The NFL's best player is also its richest player.
The deal, which was announced at an news conference, also includes a record $34.5 million signing bonus. It is technically for nine years, but the final two seasons will be voided if Manning, who has never missed a game in his professional career, simply reaches league minimum playing time benchmarks.
"I'm happy to be a Colt for life,'' Manning said after signing
the deal. "Everybody's happy, and like I said,
I'm just relieved it's over with."
"There was a lot of pressure because we're getting close to the
Super Bowl," team owner Jim Irsay told The Associated Press. "If you don't get it
done, we're going in a dramatically different direction, and our chances are reduced."
Sources told ESPN.com that the 27-year-old Manning can earn, relatively early in the contract, an additional $19 million in incentives, although Colts officials deny that total. The eighth and ninth years, included for bookkeeping purposes and to protect the Colts against an extension of the collective bargaining agreement, are for base salaries of $1 million each season.
The deal gives Indianapolis much-needed salary cap relief. Since all teams had to be in compliance with the NFL's $80.6 million salary cap by Tuesday's 4 ET deadline, the Colts -- saddled by Manning's record cap charge -- scrambled to renegotiate the contracts of at least a half-dozen veterans. Five veterans also were released outright.
There are any number of methods employed to determine the overall worth of an NFL contract, but by virtually all of the most recognized valuation standards, the Manning deal is clearly the most lucrative in NFL history. His average annual salary will dwarf those in the $100 million deals that quarterbacks Donovan McNabb and Brett Favre and others have signed in recent years.
Irsay told ESPN.com during Super Bowl week that he was prepared to make Manning the highest-paid player in history, but cautioned that Indianapolis might not be able to push the bar too high because of resultant roster ramifications.
The bar, though, has now been moved higher than most experts believed it would be. For agents Tom Condon and Ken Kremer of IMG Football, who have negotiated some of the biggest contracts in NFL history and devised the structure by which most quarterback deals are now done, Manning's represents months of arduous work on a complicated contract.
Beyond catapulting the league's co-most valuable player for 2003 into a new financial stratosphere, completing the contract will allow the Colts to operate in free agency. The Colts designated Manning as their exclusive "franchise" player on Feb. 23, meaning that no other team could negotiate with him but also resulting in a record $18.4 million salary cap charge for the 2004 season.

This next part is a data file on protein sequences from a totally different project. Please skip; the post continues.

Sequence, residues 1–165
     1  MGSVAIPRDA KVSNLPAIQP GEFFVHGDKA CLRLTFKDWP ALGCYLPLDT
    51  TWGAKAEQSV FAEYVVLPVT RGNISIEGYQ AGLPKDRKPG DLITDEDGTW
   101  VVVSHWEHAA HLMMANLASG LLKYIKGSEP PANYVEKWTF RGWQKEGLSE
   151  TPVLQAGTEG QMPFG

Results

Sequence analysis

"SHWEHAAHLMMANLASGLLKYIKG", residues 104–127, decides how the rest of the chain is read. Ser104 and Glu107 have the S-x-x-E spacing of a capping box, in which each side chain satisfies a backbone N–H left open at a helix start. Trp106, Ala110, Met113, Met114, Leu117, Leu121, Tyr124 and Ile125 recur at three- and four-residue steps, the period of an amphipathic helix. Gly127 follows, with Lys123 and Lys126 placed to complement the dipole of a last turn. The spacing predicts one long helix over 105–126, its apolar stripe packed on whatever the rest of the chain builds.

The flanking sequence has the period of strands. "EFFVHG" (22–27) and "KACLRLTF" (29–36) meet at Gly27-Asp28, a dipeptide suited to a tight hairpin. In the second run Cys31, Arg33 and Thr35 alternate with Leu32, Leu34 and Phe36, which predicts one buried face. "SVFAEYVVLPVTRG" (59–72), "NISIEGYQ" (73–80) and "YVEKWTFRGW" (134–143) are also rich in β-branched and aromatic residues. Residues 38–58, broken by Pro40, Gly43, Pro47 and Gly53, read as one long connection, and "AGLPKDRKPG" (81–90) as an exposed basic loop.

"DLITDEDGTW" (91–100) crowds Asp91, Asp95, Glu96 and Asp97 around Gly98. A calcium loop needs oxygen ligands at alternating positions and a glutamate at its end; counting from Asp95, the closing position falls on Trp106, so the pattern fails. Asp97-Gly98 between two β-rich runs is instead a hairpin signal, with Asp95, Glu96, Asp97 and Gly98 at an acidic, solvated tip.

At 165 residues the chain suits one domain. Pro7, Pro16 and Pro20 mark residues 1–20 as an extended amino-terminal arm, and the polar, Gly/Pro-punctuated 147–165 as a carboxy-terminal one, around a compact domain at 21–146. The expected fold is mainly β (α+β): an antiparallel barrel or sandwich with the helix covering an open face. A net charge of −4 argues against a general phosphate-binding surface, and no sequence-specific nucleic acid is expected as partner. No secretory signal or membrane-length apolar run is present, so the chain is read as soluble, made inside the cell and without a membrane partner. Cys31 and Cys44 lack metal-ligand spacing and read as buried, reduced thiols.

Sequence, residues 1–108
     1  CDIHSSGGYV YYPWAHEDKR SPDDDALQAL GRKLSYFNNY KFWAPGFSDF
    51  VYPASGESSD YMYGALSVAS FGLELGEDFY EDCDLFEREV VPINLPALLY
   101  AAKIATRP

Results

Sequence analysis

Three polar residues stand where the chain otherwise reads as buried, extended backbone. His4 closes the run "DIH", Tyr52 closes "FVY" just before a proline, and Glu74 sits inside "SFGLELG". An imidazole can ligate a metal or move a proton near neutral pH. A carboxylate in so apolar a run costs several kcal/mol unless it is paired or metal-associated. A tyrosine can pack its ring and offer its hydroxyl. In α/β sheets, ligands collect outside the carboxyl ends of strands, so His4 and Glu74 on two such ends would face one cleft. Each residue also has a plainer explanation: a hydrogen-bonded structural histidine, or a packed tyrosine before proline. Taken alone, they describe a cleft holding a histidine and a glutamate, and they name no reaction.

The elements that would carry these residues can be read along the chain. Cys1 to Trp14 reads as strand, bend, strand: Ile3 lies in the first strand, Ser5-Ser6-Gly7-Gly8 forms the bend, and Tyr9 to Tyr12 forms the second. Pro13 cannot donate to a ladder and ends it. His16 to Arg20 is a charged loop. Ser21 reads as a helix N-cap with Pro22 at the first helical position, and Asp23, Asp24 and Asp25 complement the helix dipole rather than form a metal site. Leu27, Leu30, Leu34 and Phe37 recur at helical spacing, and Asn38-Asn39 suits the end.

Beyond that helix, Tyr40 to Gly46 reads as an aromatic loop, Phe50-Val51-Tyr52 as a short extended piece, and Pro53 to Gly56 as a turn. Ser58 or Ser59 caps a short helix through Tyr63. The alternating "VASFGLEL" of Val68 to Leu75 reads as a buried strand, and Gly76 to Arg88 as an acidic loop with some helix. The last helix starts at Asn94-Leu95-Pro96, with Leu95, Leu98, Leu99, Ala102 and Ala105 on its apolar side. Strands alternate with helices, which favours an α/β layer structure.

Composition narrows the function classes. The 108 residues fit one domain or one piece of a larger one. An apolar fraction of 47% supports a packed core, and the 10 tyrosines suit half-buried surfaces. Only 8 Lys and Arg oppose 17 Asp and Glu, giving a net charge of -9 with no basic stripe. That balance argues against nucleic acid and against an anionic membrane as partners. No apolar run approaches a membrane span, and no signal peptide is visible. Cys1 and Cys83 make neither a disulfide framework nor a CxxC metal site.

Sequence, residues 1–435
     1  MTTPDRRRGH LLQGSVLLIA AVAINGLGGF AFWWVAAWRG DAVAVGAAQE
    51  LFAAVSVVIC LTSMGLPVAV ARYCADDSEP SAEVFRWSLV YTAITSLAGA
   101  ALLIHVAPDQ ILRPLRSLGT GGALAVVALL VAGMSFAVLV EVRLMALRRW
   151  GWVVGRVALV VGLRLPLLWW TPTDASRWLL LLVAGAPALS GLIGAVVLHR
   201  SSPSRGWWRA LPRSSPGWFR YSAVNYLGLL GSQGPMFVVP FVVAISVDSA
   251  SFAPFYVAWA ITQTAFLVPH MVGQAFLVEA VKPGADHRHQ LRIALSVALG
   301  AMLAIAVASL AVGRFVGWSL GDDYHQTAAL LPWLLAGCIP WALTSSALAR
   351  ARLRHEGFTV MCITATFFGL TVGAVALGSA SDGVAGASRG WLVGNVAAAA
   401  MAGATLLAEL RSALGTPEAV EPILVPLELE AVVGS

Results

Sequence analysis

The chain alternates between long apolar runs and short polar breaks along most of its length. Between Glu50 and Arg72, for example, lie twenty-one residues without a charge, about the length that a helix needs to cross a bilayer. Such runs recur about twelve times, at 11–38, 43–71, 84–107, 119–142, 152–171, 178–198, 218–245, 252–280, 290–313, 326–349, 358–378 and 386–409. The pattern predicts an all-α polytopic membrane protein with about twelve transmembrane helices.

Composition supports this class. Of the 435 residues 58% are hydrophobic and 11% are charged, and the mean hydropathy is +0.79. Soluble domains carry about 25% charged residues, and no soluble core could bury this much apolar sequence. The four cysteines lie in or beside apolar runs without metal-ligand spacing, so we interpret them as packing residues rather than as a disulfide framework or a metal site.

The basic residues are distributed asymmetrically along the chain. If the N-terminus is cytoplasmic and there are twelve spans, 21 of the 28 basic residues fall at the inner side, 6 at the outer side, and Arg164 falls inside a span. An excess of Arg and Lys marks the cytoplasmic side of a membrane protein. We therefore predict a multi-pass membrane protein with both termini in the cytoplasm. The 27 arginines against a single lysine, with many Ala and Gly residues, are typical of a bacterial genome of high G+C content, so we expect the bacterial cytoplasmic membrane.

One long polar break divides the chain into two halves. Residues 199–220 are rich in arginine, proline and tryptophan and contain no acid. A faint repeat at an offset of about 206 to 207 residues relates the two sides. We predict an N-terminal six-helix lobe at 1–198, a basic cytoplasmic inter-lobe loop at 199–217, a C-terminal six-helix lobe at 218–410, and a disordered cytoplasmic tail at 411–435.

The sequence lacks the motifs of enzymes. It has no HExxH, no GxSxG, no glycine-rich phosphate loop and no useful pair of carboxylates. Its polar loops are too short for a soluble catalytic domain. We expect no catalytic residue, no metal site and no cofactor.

In privately discussing the moves that might have to be made if Manning did not agree to a long-term contract, Colts officials told counterparts league wide they they might face an "offensive Armageddon" and even mentioned potentially releasing running back Edgerrin James. While some cuts made to create cap room will hurt the Colts' depth, all of the players released were ticketed for an exit from Indianapolis anyway.
Manning's new contract, however, should permit the Colts to conduct business as usual and to make qualifying offers to their restricted free agents before the deadline. It is believed that, when Manning signs the contract, his salary cap charge for '04 will now be more than halved.
The two sides have been negotiating a new deal off-and-on for months and most NFL observers acknowledged that the Colts backed themselves into a corner by not addressing Manning's contract situation much earlier. Two years ago, it is believed that Colts president/general manager Bill Polian approached Manning's agents about possibly improving the situation, but those talks quickly ceased.
Polian had placed a Monday deadline on finishing a long-term deal, citing the possible necessity for making further player cuts and the need to determine the shape of the Colts' roster if forced to carry Manning's burdensome $18.4 million cap charge.
Negotiations early Monday appeared headed in a positive direction, but then turned sour in the evening. Polian and Condon resumed talks later Monday night and finalized an agreement early Tuesday morning. As usual in such deals, a sense of urgency served as catalyst for heightening the negotiations, as the club couldn't realistically afford to carry such a large cap value for Manning for a second consecutive season. Manning had a cap charge in excess of $15 million for 2003.
There certainly were times, given the natures of Polian and Condon, when the discussions went beyond contentious. Only last week, at the Indianapolis airport, patrons of an airline courtesy club witnessed what might kindly be called an animated exchange between the two men as they discussed Manning's contract during the league's draft combine.
Coming off a season in which he led the Colts to within one game of the Super Bowl, Manning, 27, is the consensus top player in the league.
Manning was chosen first overall in the 1998 draft out of Tennessee. He's thrown for more than 3,000 yards in all six seasons in the league, and only once failed to surpass 4,000 yards. Manning has started 96 straight regular-season games and has completed 2,128 of 3,383 passes for 24,885 yards, with 167 touchdown passes, 110 interceptions and a QB rating of 88.1.
Len Pasquarelli is a senior NFL writer for ESPN.com. Information from The Associated Press was used in this report.